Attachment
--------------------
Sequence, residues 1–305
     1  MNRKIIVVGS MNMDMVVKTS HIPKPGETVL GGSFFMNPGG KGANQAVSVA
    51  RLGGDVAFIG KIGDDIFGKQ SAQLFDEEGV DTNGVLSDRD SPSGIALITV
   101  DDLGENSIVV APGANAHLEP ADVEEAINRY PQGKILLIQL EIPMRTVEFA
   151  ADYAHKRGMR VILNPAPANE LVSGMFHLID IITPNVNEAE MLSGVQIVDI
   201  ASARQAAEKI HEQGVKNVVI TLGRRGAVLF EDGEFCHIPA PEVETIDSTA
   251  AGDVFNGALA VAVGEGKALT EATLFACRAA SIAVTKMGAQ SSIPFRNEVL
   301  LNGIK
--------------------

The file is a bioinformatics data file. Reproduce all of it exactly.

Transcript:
Sequence, residues 1–305
     1  MNRKIIVVGS MNMDMVVKTS HIPKPGETVL GGSFFMNPGG KGANQAVSVA
    51  RLGGDVAFIG KIGDDIFGKQ SAQLFDEEGV DTNGVLSDRD SPSGIALITV
   101  DDLGENSIVV APGANAHLEP ADVEEAINRY PQGKILLIQL EIPMRTVEFA
   151  ADYAHKRGMR VILNPAPANE LVSGMFHLID IITPNVNEAE MLSGVQIVDI
   201  ASARQAAEKI HEQGVKNVVI TLGRRGAVLF EDGEFCHIPA PEVETIDSTA
   251  AGDVFNGALA VAVGEGKALT EATLFACRAA SIAVTKMGAQ SSIPFRNEVL
   301  LNGIK